A 28 year old woman from California recently posted a video in which she confronted a former teacher that allegedly abused her while she was a middle school student. Jamie, the woman who confronted her abuser, had been waiting for years to confront the woman who had allegedly sexually and physically abused her while she was a young child on the woman’s basketball team. After years had passed, and Jamie had a daughter of her own, she finally worked up the courage to confront her abuser. Jamie located the accused and discovered that she was an assistant principal in another school district. Jamie decided to confront the woman who had tormented her and, unbeknownst to the accused, recorded the conversation.
The recording of the conversation has gone viral. In the week since its posting the video has had over a million hits on YouTube. In the video, Jamie asks the accused whether she has any idea how many issues that Jamie has developed as a result of the abuse. The former teacher says she regrets the abuse and that she was only trying to “help” Jamie. The accused, who seemingly admitted to many of the allegations put forward by Jamie, acknowledged that she was disgusted with her own behavior. Jamie submitted a copy of the recording to the former school district in which the abuse took place and to the local police department as well. The police are currently conducting an investigation into the allegations, and as of the date of this post, the accused has been arrested.
Jamie may have an opportunity to file suit against the school district in which the abuse occurred. In the past few years in Massachusetts there has been a surge of students and parents bringing suit against public schools for injuries sustained as a result of the acts or omissions on the part of school officials. School districts have been faced with charges ranging from children getting injured on school grounds to negligence claims against the school for failing to protect children from bullying. Generally speaking, under the Massachusetts Torts Claim Act, public employees (such as teachers and faculty of public schools) are generally immune from negligence claims. As long as an employee was acting within the scope of his or her employment at the time of the injury and reasonably cooperates in a defense of any action brought against the school- that individual will be granted immunity from negligence claims.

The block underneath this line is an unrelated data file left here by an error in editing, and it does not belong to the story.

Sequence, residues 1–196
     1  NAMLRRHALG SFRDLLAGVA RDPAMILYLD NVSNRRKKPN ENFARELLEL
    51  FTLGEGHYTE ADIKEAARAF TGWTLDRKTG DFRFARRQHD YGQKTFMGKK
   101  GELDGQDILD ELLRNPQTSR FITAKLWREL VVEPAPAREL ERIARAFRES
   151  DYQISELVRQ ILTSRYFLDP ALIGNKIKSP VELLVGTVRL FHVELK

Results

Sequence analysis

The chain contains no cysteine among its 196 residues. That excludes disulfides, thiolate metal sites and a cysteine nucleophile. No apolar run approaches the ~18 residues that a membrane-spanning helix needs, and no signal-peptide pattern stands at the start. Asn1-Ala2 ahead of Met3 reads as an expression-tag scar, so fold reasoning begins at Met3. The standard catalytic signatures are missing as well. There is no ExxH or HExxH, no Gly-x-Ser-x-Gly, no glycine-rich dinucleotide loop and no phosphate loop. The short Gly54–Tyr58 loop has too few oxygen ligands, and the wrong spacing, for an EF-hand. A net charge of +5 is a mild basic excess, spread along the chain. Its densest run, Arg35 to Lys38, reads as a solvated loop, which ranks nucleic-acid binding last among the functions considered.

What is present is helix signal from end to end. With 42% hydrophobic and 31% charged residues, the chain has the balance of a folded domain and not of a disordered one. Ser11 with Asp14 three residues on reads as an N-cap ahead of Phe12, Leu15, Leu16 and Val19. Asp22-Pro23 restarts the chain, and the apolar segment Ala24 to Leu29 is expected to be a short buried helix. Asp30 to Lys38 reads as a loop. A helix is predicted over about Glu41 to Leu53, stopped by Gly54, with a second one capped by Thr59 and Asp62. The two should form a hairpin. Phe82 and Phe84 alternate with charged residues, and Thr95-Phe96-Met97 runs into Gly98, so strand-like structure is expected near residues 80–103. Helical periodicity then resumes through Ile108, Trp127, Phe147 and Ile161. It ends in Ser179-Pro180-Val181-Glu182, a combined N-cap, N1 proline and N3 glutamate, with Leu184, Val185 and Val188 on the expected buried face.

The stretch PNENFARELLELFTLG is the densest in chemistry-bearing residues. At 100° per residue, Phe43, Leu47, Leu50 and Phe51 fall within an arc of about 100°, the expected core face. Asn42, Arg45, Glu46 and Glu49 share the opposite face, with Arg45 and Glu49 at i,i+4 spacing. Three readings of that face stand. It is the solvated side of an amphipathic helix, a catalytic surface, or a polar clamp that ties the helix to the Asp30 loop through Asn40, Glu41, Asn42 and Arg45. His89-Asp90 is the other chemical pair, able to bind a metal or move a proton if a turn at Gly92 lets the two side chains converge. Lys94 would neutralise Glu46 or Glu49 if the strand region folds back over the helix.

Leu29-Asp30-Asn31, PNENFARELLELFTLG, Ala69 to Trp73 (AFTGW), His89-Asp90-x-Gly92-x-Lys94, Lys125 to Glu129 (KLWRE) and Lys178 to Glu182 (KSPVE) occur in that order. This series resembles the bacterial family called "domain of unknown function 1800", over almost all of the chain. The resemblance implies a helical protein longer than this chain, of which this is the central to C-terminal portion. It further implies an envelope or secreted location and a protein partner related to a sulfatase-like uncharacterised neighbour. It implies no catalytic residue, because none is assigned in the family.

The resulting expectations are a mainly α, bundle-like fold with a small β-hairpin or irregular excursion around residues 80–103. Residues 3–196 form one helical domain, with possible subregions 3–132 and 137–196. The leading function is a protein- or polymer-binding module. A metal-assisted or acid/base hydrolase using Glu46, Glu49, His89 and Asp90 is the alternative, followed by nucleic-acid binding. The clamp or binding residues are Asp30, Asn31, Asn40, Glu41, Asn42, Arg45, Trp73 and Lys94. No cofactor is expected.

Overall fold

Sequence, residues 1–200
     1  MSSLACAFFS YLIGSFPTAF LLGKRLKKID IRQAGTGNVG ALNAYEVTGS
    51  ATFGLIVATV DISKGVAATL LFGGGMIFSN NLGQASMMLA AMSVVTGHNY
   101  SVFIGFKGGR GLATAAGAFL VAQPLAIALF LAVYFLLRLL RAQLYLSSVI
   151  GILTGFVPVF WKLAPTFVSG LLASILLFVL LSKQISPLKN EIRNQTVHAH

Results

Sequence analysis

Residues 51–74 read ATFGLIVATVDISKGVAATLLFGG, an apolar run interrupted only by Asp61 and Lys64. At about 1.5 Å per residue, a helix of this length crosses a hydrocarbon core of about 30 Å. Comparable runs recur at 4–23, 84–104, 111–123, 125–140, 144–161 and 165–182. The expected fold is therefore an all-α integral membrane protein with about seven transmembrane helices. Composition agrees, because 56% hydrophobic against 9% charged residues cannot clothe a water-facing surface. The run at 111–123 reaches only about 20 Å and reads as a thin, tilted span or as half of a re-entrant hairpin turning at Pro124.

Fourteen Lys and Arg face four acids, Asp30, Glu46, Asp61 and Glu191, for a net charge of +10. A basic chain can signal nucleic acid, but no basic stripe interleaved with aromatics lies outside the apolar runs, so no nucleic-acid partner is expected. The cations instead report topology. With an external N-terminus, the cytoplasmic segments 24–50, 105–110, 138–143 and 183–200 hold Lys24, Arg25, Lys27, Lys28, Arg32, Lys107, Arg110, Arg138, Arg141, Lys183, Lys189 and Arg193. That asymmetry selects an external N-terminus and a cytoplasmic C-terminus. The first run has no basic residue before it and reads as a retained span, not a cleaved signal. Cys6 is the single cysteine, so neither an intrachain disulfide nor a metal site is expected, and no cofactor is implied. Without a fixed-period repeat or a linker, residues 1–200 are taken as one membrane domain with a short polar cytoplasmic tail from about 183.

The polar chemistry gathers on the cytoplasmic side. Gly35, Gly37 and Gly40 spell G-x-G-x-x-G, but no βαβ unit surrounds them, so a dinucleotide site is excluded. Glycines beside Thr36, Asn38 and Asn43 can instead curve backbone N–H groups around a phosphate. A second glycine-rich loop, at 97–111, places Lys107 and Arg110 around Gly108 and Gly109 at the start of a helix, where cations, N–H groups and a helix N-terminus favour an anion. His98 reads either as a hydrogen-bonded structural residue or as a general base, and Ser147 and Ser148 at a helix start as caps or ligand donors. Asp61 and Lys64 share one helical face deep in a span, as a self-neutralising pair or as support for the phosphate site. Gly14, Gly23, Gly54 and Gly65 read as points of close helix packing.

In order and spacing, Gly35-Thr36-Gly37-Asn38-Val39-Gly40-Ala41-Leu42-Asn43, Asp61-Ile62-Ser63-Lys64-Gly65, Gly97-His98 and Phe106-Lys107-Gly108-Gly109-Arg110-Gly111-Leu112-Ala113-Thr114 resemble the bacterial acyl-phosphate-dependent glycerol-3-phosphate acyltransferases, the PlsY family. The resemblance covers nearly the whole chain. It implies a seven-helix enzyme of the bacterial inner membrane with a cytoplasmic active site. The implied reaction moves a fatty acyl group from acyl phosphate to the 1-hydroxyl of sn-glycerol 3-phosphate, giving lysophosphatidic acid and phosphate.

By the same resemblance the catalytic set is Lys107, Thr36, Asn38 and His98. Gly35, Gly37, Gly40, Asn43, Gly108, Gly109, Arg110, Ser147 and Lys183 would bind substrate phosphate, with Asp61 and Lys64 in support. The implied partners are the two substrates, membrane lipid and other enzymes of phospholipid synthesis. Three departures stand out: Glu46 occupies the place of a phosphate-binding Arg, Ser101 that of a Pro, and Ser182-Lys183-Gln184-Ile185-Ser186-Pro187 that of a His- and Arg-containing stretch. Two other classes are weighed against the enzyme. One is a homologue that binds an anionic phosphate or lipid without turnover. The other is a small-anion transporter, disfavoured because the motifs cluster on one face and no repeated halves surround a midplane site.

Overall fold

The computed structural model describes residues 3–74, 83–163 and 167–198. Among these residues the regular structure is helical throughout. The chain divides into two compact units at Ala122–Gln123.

Under Massachusetts General Law Chapter 258 § 2, the liability of a school for negligence is limited to a maximum of $100,000.00, regardless of whether the school is being held responsible for the acts or omissions of an employee, or whether the school is being held responsible for policies and procedures in place that somehow harmed the complaining individual. Prior to suing a school district, or a public employer under the Massachusetts Torts Claim Act, an individual must present his or her claim in writing within two years of the complained of conduct. The purpose of a presentment letter allows timely notice to the appropriate official and allows the school district to determine the merits of the individual’s allegations. Depending on the determination of that investigation after presentment is made— the school may deny, settle, or otherwise resolve the claim.
To see the video of Jamie confronting her abuser click here. To learn more about claims against school districts, please view the portion of our site discussing Negligent Supervision. To schedule a free consultation with lawyer Daniel Cappetta, call our office today at (508) 969-9505 or fill out or contact form available on the right side of this page.